United States of America, Plaintiff-appellee, v. Robert W. and Rebecca A. Flitcraft, Defendants-appellants, 863 F.2d 342 (5th Cir. 1989)

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US Court of Appeals for the Fifth Circuit - 863 F.2d 342 (5th Cir. 1989) Dec. 29, 1988. Rehearing Denied Jan. 26, 1989

Howard L. Close, Gregg R. Brown, Beaumont, Tex. (court-appointed), for defendants-appellants.

Robert W. Flitcraft, Beaumont, Tex., pro se.

Rebecca A. Flitcraft, Beaumont, Tex., pro se.

Paul E. Naman, Asst. U.S. Atty., Bob Wortham, U.S. Atty., Beaumont, Tex., for plaintiff-appellee.

Appeal from the United States District Court for the Eastern District of Texas.

Before GEE, SNEED*  and WILLIAMS, Circuit Judges.

GEE, Circuit Judge:

This case has already required three trials. The first came to grief because of the incompetency of counsel. A second found the defendants guilty on all charged counts of tax fraud. On appeal, we reversed because of an improper jury instruction on intent. 803 F.2d 184 (5th Cir. 1986). The result of that remand was a third trial, one in which the Flitcrafts were found guilty on all twelve counts of providing false W-4 forms to their employers and failing to file tax returns under 26 U.S.C. §§ 7203 and 7205. We reverse in part and remand for resentencing.


Mrs. Rebecca Flitcraft served as a juror in a tax fraud case and was the sole vote for acquittal. The jury foreman mentioned possible jury misconduct to the judge, and federal investigators concluded that neither she nor Mr. Flitcraft had filed income tax for calendar years 1981 or 1982, and that they had filed several false withholding forms in 1982 claiming exemption from tax. The grand jury returned an indictment on twelve counts.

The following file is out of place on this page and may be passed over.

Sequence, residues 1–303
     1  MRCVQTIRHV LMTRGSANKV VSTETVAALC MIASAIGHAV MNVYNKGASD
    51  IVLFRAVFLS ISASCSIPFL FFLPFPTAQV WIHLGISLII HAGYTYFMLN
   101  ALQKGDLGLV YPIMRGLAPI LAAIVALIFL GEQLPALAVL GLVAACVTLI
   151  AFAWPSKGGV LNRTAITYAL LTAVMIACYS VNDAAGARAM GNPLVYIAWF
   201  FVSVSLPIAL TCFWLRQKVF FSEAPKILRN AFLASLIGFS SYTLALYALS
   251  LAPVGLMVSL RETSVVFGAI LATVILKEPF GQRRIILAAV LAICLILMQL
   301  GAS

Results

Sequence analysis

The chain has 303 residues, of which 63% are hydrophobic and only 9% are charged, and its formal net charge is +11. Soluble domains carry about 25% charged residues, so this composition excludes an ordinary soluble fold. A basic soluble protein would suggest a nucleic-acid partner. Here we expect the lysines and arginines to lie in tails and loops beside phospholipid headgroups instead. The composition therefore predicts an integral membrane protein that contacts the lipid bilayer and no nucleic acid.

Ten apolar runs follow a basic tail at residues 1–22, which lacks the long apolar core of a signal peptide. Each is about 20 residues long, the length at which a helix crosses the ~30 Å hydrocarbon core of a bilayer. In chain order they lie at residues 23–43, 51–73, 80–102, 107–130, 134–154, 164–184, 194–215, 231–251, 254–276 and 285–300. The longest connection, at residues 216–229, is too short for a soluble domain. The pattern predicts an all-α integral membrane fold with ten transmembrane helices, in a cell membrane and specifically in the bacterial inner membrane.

In the third trial, Robert Flitcraft was again convicted of two counts of failure to file and seven counts of filing false W-4s. Rebecca Flitcraft was convicted on two counts of failure to file and one false W-4 count. At trial the defendant waived reading the indictment and the government summarized it. Counts one and two against Robert Flitcraft and counts ten and eleven against Rebecca Flitcraft were explained. Count twelve against Mrs. Flitcraft was described generally.

The remaining counts, three through nine, were described together; and the jury never knew when the Flitcrafts were alleged to have filed false W-4 forms, or with which employers these might have been filed. Because this information was not provided in the charge, the jury never knew to what these counts pertained. The government urges reversal of these counts along with count twelve because the jury never received details of the charges sufficient to allow them to compare the specific charge to the evidence.

Three of the W-4 forms received in evidence were submitted to employers not mentioned in the indictment, and six W-4s introduced were for a year not included in the indictment. The verdict form apparently confused the jury because it listed no years for the counts and failed to specify whether the count charged a failure to file ("1040"), or for filing a false withholding form ("W-4"). The jury asked for assistance with the following written note, which was delivered to the judge:

Could you identify the charges by number so that we can separate our votes, please.

The court suggested the jury receive the indictment, but the defendants' standby counsel objected. Standby counsel, in fact, objected to every solution discussed, including the one which the judge adopted. The solution chosen was one recommended by Mr. Flitcraft: simply to place "1040" beside the counts charging failure to file, and "W-4" by the ones related to false withholding forms. No indication of the year was given for any count, nor any of the employers to which the withholding forms were submitted. Even so, the jury found the defendants guilty on all counts.


It is patent that the jury was confused as to what evidence applied to which charge of filing false W-4 forms. To clarify the verdict form, the jury requested assistance. The defendants' standby counsel agreed to none of the suggested remedies, and the method selected by the judge--simply designating the 1040 and W-4 counts as such--was unsatisfactory. As the United States Supreme Court has held: